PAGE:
1. 59

    Percentage of Americans who believed in climate change in 2009, according to Pew. Today, 69 percent of those surveyed believe in global warming. 

    Belief in climate change changes with the weather


  2. $1.50

    How much it costs daily, per person, to eat a healthier diet full of vegetables and lean protein, according to a Harvard University study.

    Here’s why that may still be too much.


  3. 22 million.

    The number of Americans who will dress up their pets for Halloween.

    The economics of Halloween: By the numbers


  4. 45%

    of Japanese women ages 16 to 24 who are “not interested or despise sexual contact.” For Japanese men in that same age bracket? That figure is a little over a quarter.

    What America could learn from Japan’s sex deficit


  5. Your cat is a killer. According to biologists, when they’re not curling up in your lap, cats are off killing other animals — billions of ‘em. Scientists from the Smithsonian Conservation Biology Institute and the Fish and Wildlife Service estimate that each year, apparently bloodthirsty felines are preying on billions of birds and small mammals like indigenous chipmunks, shrews, and meadow voles. “When we ran the model, we didn’t know what to expect,” researcher Dr. Peter Marra told theNew York Times. “We were absolutely stunned by the results.”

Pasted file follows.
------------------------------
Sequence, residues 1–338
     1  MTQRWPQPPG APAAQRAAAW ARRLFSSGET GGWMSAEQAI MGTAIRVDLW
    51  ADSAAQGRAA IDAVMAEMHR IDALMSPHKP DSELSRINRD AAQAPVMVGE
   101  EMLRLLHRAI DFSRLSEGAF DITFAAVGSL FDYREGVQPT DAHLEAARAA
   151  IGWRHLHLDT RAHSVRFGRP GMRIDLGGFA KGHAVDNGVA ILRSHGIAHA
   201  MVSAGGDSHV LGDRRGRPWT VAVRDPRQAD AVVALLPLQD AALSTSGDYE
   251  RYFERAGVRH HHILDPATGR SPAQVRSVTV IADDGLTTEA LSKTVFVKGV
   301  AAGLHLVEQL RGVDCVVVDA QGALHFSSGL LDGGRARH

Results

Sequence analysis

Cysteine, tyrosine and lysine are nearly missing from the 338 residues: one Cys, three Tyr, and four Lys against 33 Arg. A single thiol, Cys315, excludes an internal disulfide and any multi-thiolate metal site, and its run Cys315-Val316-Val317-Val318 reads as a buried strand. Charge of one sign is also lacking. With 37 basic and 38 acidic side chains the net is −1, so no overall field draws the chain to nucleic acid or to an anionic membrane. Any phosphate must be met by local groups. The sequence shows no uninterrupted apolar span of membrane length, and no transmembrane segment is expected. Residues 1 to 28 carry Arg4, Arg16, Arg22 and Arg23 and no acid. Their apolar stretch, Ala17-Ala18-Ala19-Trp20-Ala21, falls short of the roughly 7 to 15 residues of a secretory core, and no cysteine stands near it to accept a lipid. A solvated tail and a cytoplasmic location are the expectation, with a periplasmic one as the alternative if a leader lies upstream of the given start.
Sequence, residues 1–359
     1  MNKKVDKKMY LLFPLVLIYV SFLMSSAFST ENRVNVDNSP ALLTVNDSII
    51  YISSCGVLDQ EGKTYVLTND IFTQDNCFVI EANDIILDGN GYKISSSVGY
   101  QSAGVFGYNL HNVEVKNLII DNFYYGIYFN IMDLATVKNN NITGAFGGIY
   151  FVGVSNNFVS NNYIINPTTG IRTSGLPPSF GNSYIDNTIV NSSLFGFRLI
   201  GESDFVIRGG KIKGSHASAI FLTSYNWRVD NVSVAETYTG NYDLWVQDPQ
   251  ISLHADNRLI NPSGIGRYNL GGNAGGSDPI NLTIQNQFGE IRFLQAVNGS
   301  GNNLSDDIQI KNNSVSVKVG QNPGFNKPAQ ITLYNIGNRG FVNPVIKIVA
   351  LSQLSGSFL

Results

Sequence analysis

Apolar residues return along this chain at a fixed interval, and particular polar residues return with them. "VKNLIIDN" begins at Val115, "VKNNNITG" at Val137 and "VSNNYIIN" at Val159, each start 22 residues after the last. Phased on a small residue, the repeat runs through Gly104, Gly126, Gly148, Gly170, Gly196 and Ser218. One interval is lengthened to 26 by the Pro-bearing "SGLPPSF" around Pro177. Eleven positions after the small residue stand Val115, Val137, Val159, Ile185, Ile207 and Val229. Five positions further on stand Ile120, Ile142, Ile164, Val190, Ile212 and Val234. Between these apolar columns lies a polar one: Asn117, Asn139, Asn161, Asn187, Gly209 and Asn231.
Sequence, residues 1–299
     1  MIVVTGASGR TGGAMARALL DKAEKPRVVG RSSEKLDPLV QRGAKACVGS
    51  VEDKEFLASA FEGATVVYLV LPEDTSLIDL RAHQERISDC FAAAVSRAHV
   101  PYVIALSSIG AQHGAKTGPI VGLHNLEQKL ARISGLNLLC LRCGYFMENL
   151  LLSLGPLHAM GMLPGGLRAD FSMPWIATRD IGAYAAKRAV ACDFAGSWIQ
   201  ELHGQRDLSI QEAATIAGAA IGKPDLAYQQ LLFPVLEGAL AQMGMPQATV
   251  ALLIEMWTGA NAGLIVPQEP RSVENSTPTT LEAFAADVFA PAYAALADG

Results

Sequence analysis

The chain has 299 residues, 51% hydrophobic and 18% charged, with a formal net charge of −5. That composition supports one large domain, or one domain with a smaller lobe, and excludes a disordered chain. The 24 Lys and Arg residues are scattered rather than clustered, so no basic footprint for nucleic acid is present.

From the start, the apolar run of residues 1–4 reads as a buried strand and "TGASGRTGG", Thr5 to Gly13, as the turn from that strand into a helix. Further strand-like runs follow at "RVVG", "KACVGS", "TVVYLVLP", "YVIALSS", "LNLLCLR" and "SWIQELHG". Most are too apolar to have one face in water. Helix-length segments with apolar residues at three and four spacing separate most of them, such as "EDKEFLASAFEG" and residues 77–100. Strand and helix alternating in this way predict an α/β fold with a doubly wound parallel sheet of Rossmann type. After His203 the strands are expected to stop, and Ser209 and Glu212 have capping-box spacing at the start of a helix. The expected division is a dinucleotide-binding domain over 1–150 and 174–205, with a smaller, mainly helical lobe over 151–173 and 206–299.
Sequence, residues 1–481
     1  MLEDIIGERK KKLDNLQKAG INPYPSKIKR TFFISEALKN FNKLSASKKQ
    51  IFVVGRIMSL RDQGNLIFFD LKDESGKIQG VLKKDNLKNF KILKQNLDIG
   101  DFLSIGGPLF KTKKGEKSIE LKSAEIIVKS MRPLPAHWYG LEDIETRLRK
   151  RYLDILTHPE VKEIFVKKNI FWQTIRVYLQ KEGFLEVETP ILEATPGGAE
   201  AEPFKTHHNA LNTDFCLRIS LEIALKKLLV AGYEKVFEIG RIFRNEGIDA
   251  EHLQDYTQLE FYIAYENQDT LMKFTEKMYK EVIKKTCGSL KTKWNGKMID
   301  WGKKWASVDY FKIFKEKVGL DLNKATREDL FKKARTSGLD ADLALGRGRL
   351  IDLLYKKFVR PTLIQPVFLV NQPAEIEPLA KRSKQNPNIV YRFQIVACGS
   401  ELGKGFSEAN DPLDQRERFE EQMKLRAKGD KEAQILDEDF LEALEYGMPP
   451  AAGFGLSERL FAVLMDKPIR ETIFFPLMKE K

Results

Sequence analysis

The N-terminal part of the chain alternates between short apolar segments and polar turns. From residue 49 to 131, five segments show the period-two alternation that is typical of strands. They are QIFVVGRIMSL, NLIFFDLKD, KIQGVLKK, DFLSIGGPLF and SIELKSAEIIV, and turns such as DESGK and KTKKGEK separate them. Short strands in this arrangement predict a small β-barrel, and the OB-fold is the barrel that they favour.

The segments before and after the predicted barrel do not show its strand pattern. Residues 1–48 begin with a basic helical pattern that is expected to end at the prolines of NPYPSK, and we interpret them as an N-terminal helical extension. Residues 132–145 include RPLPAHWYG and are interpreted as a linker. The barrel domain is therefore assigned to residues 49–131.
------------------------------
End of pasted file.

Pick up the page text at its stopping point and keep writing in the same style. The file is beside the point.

4 to 18 — Birds killed by a typical house cat every year
    8 to 21 — Small mammals killed by a typical house cat every year
    1.4 billion to 3.7 billion — Total birds killed by America’s cats every year

    More numbers


  6. 33 percent of Americans feel pressured to go to work even when they’re sick. But you can transmit the flu from up to 6 feet away. 

    Maybe you should think about staying home next time?

    More flu stats

    (Source: theweek.com)


  7. Our newest infographic features some pretty shocking facts about our plastic surgery obsession. For example, teenage plastic surgery is on the rise. There were 14,000 procedures performed on teens in 1996, compared to 77,000 in 2011.


    (Source: theweek.com)


  8. 77 percent of Americans think all citizens should be able to pass the civics portion of the U.S. naturalization test.

    35 percent of voting-age Americans would fail to answer more than half the questions correctly — and thus fail the test.

    98 percent of immigrants seeking citizenship pass the civics portion of the exam.

    Mind the civics gap